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Thread: get off my lawn

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    Default get off my lawn

    What does this phrase mean?

    get off my lawn

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    Kraken's Avatar
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    Default Re: get off my lawn

    I'm not a teacher, but I guess it is a strong request as to leave someone's property.
    In some States, house owners are entitled to use a gun against intruders, so it comes to my mind the image of a cowboy-like redneck pointing his shotgun at a salesman and shouting "Get off my lawn!".

    I guess it could be used in a figurative way too.

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    Default Re: get off my lawn

    Now that Mick Jagger's a plutocrat he might well say 'Hey, you, get off of my lawn.'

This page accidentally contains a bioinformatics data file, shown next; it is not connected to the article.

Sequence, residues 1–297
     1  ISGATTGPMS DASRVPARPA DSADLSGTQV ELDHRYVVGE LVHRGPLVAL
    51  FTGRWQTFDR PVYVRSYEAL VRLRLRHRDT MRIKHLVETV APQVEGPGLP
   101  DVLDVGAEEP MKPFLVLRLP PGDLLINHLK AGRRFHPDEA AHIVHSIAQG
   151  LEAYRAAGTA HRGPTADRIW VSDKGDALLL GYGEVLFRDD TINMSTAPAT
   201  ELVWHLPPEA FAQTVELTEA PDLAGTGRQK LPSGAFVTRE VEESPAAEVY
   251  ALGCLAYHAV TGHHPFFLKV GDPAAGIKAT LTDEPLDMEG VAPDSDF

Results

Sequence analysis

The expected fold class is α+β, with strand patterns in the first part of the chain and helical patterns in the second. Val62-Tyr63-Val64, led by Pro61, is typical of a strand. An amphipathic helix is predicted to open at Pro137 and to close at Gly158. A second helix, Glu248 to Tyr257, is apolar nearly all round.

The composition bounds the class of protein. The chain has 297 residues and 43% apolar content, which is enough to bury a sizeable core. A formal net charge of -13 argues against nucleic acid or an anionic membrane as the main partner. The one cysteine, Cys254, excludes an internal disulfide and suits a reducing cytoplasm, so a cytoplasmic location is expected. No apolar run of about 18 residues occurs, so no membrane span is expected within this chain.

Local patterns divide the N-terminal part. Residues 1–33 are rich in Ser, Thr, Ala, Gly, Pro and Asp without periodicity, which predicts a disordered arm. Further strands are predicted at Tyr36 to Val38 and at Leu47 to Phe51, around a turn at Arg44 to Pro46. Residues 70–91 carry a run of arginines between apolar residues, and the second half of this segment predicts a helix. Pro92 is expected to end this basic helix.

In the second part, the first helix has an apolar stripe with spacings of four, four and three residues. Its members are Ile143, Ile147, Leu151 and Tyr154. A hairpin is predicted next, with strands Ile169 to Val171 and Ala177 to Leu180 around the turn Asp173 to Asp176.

b

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    Default Re: get off my lawn

    Quote Originally Posted by BobK View Post
    Now that Mick Jagger's a plutocrat he might well say 'Hey, you, get off of my lawn.'

    b
    ... in a duet with Roger Daltrey singing 'Hope I die before I get a trout farm'.

    b

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    Default Re: get off my lawn

    The lawn is the grassy area found in front (and back) of a house. (In England they refer to it as the "garden.") Many suburban homeowners are very fussy about their lawns, they fertilize and maintain them to look like a plush green carpet. In those cases, they resent intruders walking on (or neighborhood children playing ball on) their precious grass.

    In AmE, "get off of my lawn" is often used as a sort of idiom or rejoinder to indicate that someone is middle-aged and cantankerous. "I can't believe that I actually thought the music in that club was too loud. I can remember a time when a concert could never be loud enough. The next thing you know I'll be telling kids to get off my lawn!"

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